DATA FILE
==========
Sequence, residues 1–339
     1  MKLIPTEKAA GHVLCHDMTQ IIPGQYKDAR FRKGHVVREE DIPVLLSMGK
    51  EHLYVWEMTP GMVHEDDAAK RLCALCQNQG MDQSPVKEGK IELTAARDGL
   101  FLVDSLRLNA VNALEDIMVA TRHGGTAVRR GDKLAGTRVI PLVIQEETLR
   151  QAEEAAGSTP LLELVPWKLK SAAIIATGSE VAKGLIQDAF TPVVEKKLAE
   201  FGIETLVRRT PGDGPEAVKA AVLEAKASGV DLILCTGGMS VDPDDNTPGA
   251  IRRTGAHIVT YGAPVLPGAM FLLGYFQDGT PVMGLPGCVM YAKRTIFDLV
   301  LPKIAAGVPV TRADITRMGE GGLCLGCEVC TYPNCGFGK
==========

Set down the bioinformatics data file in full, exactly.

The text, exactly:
Sequence, residues 1–339
     1  MKLIPTEKAA GHVLCHDMTQ IIPGQYKDAR FRKGHVVREE DIPVLLSMGK
    51  EHLYVWEMTP GMVHEDDAAK RLCALCQNQG MDQSPVKEGK IELTAARDGL
   101  FLVDSLRLNA VNALEDIMVA TRHGGTAVRR GDKLAGTRVI PLVIQEETLR
   151  QAEEAAGSTP LLELVPWKLK SAAIIATGSE VAKGLIQDAF TPVVEKKLAE
   201  FGIETLVRRT PGDGPEAVKA AVLEAKASGV DLILCTGGMS VDPDDNTPGA
   251  IRRTGAHIVT YGAPVLPGAM FLLGYFQDGT PVMGLPGCVM YAKRTIFDLV
   301  LPKIAAGVPV TRADITRMGE GGLCLGCEVC TYPNCGFGK